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Letter: The Heroes of Normandy

Letters to the editor
By Letters to the editor
May 30th, 2024

To The Editor:

Death struck deeply into those who waded ashore on June 6, 1944. Struggling to quickly move from their landing craft to the sand of Normandy beach.

Burdened by the heavy weight of their equipment, and the sights and sounds around them. Before them lay a terrifying array of obstacles waiting to trap, maim, and destroy anyone who attempted to challenge the terrible might of the nazi occupation of France.

Service men and women came from all across Canada. Local militia units like the Canadian Scottish, British Columbia Regiment (DCO) and 6th Field Company Royal Canadian Engineers were mobilized for active war service.

These part-time “Saturday Night” soldiers were busy in their armouries and drill halls, recruiting and training its new members. Some would find themselves “storming Juno beach” on June 6th, while others arrived sometime later, joining the 3rd Canadian Division as they consolidated their foothold on the Normandy coast.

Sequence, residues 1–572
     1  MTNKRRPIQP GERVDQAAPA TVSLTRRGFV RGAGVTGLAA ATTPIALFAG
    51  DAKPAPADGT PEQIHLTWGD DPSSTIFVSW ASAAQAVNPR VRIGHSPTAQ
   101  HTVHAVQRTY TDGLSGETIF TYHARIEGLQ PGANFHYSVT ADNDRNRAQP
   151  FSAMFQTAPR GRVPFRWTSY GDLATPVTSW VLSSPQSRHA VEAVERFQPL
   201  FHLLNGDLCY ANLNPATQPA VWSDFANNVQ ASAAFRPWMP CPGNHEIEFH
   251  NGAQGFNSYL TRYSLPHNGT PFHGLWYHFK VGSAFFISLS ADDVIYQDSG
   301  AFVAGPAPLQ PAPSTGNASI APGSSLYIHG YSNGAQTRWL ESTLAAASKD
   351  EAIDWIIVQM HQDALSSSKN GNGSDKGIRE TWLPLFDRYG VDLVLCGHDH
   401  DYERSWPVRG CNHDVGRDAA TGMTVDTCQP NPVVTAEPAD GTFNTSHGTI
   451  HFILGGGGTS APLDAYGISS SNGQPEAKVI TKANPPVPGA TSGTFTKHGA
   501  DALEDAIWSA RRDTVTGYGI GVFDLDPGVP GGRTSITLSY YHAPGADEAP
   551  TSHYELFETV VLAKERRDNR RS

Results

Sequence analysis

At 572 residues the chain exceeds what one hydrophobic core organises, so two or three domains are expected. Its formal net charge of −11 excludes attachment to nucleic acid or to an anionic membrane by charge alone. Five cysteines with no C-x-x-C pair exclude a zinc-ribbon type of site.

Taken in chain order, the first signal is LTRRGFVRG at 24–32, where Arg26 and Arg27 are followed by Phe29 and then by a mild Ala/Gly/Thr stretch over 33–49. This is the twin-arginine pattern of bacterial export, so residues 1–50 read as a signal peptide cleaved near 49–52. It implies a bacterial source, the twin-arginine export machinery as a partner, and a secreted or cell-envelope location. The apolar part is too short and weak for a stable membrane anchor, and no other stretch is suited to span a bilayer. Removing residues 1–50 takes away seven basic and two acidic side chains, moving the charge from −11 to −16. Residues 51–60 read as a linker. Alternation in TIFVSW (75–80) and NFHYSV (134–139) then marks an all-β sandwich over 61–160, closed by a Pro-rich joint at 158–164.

The liberation campaign slowly progressed mile by bloody mile across France until Paris was freed on August 25, 1944.

In its wake were left countless dead and injured, destroyed towns and cities. Names of places became etched into the memories of the soldiers who fought in battles like Bourguébus Ridge, Carpiquet Airport, Caen, the Falaise “Gap”, Vaucelles, and Verrières Ridge.

The campaign to liberate France from its occupiers would end up taking the lives of 5,021 Canadian soldiers.

The number of war veterans who fought in the liberation campaign have steadily declined as the years have passed. Fortunately, some of these remarkable old soldiers are still living.

They are resilient people who followed a path of duty, endured hardship, faced danger and experienced things we could never imagine.

Through the National Order of the Legion of Honour medal program, the Embassy of France in Canada continues to bestow their nation’s highest medal to our veterans who are proudly known as the liberators of France.

Guy Black, Recipient of the Minister of Veterans Affairs Commendation

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